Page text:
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More of an Embrace Than an Orientation
By Marianne Brooks 03-Feb-16
New faculty orientation at American International School of Chennai Arriving at the American International School of Chennai (AISCH), I was pleased with myself for having already organized a nanny to take care of my five-year-old daughter. Moving to India on our own, with no connections at the school or in the Tamil Nadu community, I was of course worried about her. That the initial orientation began the day of our arrival, I imagined having to leave her with her new nanny straight away. I saw a difficult time of adjustment ahead. Typically, an orientation would include leaving my child with a stranger in a new home, with none of the familiar trappings packed away in our shipment. It can be a challenge. Orientation can add an extra pressure on the parent to attend to our children, entertain and feed them, and express concern over their wellbeing. But this was more of an embrace than an orientation. I should have known since my interview, when the Director, Andrew Hoover, asked me what I was looking for in a school for my child. I should have realized, when the Elementary School Principal, Kevin Hall, wrote my daughter a personal letter telling her not to worry about the mosquitoes in Chennai. I should have realized that this school would welcome my daughter as part of the community, not just me as a teaching member of staff. Whilst new faculty was being oriented to our new work place, our faculty children were engaged in a care program designed to cover the range of ages and interests among the children of the new faculty of 2015. Two experienced classroom teaching assistants and an assistant P.E. teacher ran the program. Every day, the new faculty was welcomed to breakfast with their families. A childcare program followed, including arts activities traditional to Indian culture, such as sand painting, henna hand designs, and Tamil dance. The program also included an alternative sports activity, swimming, and daily down time. As a parent, I could wish for nothing greater than that my child be valued as a member of the community in which she lives. The school administration decided to include the children in a way that gave them a sense of belonging. Our children were not only engaged, they were given a structure that allowed them to feel confident and creative in their new community. “It was hard work, but it was a process.” Mona, Grade 4 teaching assistant, and Padma, Grade 3 teaching assistant, took on the program of their own volition, conducted research, and designed it as a celebration. An exhibition was held at the end of the week during which all the beautiful artifacts the children had created were displayed. As a parent, I know that AISCH is a school that embraces its community through both what it says and what it does. Here is a school that is living its mission. AISCH is an embrace, not just an education.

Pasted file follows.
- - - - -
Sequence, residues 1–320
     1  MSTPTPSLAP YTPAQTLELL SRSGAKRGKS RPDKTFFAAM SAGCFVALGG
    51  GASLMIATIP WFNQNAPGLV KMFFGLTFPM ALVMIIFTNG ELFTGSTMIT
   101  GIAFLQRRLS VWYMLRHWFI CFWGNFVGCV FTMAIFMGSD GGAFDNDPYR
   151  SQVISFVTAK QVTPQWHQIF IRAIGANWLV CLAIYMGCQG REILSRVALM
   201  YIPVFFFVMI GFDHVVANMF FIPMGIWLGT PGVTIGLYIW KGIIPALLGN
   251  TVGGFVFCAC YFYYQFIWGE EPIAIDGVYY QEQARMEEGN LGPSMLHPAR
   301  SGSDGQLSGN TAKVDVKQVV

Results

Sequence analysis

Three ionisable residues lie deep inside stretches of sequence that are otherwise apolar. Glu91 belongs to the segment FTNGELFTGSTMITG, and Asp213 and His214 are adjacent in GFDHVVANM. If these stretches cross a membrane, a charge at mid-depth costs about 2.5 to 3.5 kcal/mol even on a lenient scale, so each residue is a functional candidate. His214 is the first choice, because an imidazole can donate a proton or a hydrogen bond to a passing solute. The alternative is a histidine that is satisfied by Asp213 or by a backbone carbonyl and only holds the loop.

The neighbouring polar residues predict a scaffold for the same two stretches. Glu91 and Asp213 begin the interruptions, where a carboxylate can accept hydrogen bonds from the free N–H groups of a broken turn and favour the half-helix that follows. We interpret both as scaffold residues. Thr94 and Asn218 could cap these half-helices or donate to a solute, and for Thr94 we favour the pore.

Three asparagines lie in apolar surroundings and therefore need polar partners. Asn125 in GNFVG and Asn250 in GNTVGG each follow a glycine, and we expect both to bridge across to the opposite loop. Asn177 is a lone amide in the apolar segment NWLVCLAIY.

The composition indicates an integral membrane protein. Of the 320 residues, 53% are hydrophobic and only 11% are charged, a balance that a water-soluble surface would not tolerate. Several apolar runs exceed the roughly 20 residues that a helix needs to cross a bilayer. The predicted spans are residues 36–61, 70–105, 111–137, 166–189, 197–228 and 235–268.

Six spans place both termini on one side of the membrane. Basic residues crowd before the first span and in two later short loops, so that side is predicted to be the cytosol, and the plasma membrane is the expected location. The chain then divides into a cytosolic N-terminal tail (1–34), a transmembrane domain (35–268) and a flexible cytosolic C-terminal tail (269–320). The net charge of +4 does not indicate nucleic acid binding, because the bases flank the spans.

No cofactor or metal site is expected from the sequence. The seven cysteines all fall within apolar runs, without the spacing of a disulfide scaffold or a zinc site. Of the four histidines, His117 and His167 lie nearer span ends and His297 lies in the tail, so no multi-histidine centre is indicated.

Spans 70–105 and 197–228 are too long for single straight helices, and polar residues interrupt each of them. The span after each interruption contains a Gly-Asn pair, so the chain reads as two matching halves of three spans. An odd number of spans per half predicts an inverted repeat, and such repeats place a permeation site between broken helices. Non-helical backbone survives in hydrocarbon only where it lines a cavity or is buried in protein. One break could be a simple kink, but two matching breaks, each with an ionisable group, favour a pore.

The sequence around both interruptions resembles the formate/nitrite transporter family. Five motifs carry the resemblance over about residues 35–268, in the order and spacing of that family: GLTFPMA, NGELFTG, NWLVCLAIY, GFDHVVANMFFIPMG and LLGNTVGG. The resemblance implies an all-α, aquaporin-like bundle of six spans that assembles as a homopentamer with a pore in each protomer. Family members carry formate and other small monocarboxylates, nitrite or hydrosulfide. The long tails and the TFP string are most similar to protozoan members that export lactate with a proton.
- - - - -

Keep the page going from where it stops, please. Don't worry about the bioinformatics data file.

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02/06/2016 - Ettie Zilber
Your heartfelt description of the welcome you and your daughter received is very refreshing. I was pleased to read that your school administrators understand the importance of a caring and considerate orientation program for the educators with children. It is almost obvious that this has short term impact, but what is less known is the long term impact on the children. In my book, Third Culture Kids: The children of international School Educators, I studied the impact of a Third Culture Kid childhood on the children of educators. This type of orientation program is so important that the children remember the process fondly even when they are adults. Not only that, 30% of these "EdKids" actually choose a career in education, and some also go international. You chose the right school for you and your child. Enjoy this wonderful experience! Ettie Zilber, International school of Arizona